Common sense tells us that we should always obey orders from people in charge. I wonder how that is working out.


@dogbountyhunter1: my exact thought when I read the question.


I mourn the death of common sense every day.


I know that commen sense has gone away. Example: last week the power went out to where I work. I got two calls from home because the night shift people couldn't work because the power was out. I told them that since the power was off the computers wouldn't work and wanted to know what they would like for me to do. They had no idea on what to do.


@moondrake: Now that is irony. I do drive farther to get cheaper gas but only because there's a store nearby that I go to anyway. I time my fillups to correspond with my visit to the nearby store.


@cengland0: Me too. I get my gas at Costco, but I only fill up every 2-3 weeks, and I go to Costco weekly, so gas is just one of the things on my Costco shopping list, not something I've driven over there to get. But I have friends that will go 20 miles out of their way to save .10 a gallon in gas. I tell them they are taking a loss on their time and gas getting there and they tell me "It's the principle of the thing." Yet these same people will waste money on all kinds of other things. People are strange about cars. It's some kind of fringe religion with some folks.


To me "common sense" is synonymous with "mental independence." Once you're responsible for your own decisions and thinking you'll be motivated to consider a wider net of options and have a broader experience based to use to help make proper decisions. Some people will instead remain impulsive for their entire lives and generally suffer for it.

I think the erosion in common sense is caused in large part by parents who don't let their kids learn lessons the hard way. The "helicopter parents" hover over their kids and any time there is a potentialquandary, they're there to help the kids out and make decisions for them. The kids grow up rarely having to do much for themselves and find they're unprepared for the real world.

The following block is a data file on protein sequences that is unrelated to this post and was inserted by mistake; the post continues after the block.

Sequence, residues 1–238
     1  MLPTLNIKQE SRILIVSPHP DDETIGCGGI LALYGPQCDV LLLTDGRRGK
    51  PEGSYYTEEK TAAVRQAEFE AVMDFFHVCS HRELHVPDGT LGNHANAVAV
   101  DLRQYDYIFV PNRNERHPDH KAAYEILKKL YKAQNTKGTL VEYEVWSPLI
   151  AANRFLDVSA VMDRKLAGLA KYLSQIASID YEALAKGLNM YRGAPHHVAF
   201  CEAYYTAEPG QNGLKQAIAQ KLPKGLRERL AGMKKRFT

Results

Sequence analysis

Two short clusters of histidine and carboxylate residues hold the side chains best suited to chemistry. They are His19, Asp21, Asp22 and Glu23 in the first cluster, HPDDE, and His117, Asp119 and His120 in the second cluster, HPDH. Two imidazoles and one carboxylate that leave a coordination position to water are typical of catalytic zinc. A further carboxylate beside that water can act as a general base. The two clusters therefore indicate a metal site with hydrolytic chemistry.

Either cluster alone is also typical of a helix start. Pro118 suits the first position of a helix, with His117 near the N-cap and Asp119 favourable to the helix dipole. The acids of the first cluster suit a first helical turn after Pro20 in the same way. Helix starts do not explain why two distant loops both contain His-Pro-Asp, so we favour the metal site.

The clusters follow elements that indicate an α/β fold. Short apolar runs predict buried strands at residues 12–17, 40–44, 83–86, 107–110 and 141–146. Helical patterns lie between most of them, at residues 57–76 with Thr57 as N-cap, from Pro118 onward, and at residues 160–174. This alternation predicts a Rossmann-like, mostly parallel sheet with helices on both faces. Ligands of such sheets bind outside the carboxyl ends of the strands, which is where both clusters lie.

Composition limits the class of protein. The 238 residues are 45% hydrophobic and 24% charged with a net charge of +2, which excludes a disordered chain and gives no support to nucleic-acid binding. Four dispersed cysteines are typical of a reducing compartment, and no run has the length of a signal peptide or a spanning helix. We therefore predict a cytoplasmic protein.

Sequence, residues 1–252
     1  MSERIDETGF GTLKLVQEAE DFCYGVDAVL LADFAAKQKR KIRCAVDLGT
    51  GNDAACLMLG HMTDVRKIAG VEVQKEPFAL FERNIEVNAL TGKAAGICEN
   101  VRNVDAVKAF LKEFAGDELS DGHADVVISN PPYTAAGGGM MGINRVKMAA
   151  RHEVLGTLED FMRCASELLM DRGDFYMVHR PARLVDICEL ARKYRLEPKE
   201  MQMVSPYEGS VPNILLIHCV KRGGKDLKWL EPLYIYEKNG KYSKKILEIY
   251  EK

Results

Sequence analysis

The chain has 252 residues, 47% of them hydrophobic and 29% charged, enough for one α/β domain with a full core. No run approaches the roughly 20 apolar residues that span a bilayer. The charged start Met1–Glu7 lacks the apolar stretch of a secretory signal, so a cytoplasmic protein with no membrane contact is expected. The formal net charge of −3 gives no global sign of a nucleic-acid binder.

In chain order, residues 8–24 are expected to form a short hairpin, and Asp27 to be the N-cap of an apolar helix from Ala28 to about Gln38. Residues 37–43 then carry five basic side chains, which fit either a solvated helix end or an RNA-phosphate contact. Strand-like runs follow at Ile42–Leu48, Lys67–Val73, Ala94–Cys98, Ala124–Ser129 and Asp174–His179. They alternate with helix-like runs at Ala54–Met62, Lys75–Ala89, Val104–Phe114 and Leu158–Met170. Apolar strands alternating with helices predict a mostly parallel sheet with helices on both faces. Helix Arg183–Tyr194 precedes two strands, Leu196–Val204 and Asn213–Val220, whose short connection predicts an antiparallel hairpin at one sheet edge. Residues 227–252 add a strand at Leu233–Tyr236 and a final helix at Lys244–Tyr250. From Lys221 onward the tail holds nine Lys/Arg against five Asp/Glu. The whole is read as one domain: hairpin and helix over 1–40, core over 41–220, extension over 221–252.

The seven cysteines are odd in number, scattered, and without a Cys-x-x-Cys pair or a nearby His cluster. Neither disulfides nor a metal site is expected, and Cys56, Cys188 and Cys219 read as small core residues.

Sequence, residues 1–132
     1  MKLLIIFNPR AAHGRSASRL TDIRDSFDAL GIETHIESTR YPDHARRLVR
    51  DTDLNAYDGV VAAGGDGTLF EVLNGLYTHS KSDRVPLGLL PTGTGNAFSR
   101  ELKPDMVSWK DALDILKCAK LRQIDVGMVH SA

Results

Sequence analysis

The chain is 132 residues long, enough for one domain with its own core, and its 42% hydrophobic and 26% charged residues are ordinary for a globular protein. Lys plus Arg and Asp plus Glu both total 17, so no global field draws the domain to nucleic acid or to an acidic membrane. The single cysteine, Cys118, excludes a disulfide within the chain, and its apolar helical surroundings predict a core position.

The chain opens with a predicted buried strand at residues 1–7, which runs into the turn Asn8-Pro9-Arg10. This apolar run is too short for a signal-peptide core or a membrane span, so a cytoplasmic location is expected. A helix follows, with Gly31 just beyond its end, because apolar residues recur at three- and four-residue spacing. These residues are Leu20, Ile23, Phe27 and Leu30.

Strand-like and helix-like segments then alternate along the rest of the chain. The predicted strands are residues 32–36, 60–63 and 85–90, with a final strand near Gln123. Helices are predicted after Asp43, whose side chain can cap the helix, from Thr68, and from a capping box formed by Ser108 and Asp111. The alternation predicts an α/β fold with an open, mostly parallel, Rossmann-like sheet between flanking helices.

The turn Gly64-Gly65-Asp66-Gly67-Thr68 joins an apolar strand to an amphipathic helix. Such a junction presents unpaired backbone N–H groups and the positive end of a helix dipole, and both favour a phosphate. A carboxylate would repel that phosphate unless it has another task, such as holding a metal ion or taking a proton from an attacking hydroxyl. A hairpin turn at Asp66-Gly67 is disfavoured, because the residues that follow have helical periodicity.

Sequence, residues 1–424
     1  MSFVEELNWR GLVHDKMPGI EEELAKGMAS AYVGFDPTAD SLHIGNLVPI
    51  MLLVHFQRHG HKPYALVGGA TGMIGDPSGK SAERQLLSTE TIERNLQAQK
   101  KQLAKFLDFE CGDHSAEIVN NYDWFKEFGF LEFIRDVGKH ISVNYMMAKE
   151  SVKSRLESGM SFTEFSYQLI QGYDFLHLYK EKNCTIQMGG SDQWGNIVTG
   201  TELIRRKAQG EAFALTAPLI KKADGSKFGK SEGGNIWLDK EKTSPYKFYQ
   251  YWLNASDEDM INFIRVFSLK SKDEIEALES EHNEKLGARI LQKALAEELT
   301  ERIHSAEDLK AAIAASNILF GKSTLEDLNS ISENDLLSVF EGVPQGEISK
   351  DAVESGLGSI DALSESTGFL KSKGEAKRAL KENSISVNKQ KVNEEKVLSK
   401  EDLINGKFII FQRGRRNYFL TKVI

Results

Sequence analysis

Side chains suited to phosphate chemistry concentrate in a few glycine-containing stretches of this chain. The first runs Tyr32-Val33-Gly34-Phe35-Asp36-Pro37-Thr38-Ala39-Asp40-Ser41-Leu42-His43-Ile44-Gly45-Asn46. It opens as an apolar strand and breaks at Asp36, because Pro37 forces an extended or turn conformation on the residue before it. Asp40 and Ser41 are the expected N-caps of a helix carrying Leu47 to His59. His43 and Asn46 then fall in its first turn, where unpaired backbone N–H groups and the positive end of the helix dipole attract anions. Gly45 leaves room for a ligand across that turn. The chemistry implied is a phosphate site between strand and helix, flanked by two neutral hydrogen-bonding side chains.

I couldn't possibly recall all the times I've had to stop my wife from helping the kids with something they could easily think through themselves. Ask my kids what the most common words out of my mouth are and they'll tell you they're "Figure it out yourself!"


We were discussing this in my family. There's a difference and sometimes a fine line between common knowledge and common sense. If everyone grew up with the same moral standards a lot of things would be common sense, but since we all come from different parts of the world majority of the stuff we acknowledge as common sense is actually common knowledge since many people can't or won't see from another perspective.


@moondrake: I pull my hair out every time someone (often with a college degree) tries to recruit me for a 1-day "gas out" protest. There's so many things wrong with their "logic" that I don't even know where to begin explaining it. I just stand there in awe as they proudly say they are gonna fill up ye olde gas tank the day before the "gas out" so they won't have to buy gas that day. And if the price of gas drops a penny in the next week or so, they are convinced their "protest" was what did it. If the price goes up, they insist it didn't go up as much as it would have otherwise, or (break out the straightjackets) it's a government conspiracy to punish them for the protests. Maybe it's the gas fumes.